Kansas: a look at the bills seeking to change supreme court selection

In recent years, no state has seen more bills to change their method of judicial selection than Kansas and 2015 is no exception. What follows is a rundown of those introduced as of today.

Currently the Kansas Supreme Court’s selection process (Art. III, Sec. 5) has three key elements that could be changed under the legislation introduced

Commission submits binding list to Governor

The constitution calls for the creation of a Supreme Court Nominating Commission made up of

  • 1 member of the bar, chosen statewide by the members of the bar, as chair
  • 4 members of the bar (constitution says one per congressional district) chosen by the members of the as bar in that district
  • 4 members (constitution says one per congressional district) appointed by the governor from among the residents of the district

When a vacancy occurs on the court, the Supreme Court Nominating Commission is to submit a list of three names to the government for appointment.

Governor appoints without legislative confirmation

The Governor is bound to select from those names (if he or she fails to do so, the chief justice picks). The legislature plays no role.

Retention by majority vote

The appointed justice serves for an initial term ending on the second Monday in January following the first general election that occurs after the expiration of twelve months in office. They are then subject to a yes/no retention election. If a majority of those voting on the question vote against retention, the office is vacant. If a majority vote for retention, the justice serves for a 6-year term.

Changes and August vs. November 2016

The legislation thus far introduced changes several of the items listed above. Moreover, several proposals opt to place the constitutional amendment not on the General Election ballot for November 2016, but in the August 2016 Primary Election races.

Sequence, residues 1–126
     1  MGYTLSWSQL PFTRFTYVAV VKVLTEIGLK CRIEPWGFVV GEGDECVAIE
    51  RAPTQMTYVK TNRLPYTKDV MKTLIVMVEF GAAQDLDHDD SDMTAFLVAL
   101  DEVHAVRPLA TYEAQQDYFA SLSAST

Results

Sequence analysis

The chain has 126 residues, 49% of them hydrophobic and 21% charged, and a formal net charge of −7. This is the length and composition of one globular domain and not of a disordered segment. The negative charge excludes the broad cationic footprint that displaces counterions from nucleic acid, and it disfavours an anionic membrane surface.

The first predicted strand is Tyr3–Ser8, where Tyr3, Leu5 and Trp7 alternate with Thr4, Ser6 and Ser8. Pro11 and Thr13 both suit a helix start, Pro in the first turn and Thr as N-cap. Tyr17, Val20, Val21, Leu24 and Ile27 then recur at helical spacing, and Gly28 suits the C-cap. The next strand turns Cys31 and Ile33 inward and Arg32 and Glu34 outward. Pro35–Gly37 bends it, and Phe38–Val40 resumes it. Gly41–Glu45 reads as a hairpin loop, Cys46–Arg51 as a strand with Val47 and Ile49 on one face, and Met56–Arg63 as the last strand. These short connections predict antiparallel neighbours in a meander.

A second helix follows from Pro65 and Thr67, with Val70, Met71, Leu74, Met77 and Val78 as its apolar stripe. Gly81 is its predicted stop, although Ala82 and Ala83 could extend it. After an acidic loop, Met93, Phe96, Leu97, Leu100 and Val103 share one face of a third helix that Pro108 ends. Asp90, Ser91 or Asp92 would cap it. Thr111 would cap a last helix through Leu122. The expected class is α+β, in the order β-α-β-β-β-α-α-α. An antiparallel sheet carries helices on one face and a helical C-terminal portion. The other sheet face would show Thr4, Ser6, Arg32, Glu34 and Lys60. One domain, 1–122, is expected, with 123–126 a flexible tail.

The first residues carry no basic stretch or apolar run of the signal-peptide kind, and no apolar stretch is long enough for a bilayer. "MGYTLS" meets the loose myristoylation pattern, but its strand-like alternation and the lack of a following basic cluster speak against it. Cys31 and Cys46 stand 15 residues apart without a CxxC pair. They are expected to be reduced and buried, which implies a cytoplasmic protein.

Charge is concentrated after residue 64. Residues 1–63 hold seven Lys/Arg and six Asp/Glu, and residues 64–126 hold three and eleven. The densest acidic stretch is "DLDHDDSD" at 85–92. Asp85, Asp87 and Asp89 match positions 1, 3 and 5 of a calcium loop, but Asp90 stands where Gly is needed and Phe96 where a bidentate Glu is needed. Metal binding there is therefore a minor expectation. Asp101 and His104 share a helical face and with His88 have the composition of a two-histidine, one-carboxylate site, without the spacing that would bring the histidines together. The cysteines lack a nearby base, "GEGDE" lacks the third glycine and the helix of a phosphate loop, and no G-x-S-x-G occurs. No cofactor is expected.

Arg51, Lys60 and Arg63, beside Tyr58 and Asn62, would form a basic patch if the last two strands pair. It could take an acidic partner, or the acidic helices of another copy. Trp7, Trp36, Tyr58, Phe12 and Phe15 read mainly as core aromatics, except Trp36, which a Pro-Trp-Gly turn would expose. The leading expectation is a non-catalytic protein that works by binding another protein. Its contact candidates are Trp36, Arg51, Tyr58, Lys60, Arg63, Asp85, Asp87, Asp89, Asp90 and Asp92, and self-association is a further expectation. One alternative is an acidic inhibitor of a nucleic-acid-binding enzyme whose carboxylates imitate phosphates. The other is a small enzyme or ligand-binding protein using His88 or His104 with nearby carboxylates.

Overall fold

Synopsis August vs. November 2016 Commission membership change Commission submits binding list to Governor Governor appoints without confirmation Retention by majority vote
HCR 5004 Partisan elections August Commission eliminated No No No
HCR 5005 Governor appoints, Senate confirms, yes/no retention elections November Commission eliminated No Governor appoints with Senate confirmation Yes
HCR 5006 Governor appoints, Senate confirms, serve for life August Commission eliminated No Governor appoints with Senate confirmation No, serve for life
HCR 5009 Requires judges in retention elections receive a 67% “yes” vote to remain in office. November No Yes Yes No, 67%
HCR 5012 and implementing HB 2301 Governor appoints from list provided by House Judiciary Committee, Senate confirms, yes/no retention elections November Commission eliminated No, House Judiciary committee Governor appoints with Senate confirmation Yes
HCR 5013 Change commission membership November 4 members chosenby election of bar members (one per congressional district)5 members chosen by governor (one per congressional district + 1 statewide to serve as chair)6 members chosen by legislature (2 House Speaker; 1 House Minority Leader; 2 Senate President; 1 Senate Minority Leader) Yes Yes Yes

One thought on “Kansas: a look at the bills seeking to change supreme court selection

  1. Pingback: Kansas: changes to selection of Supreme Court out of committee, but may not have 2/3rds needed Gavel to Gavel | A review of state legislation affecting the courts

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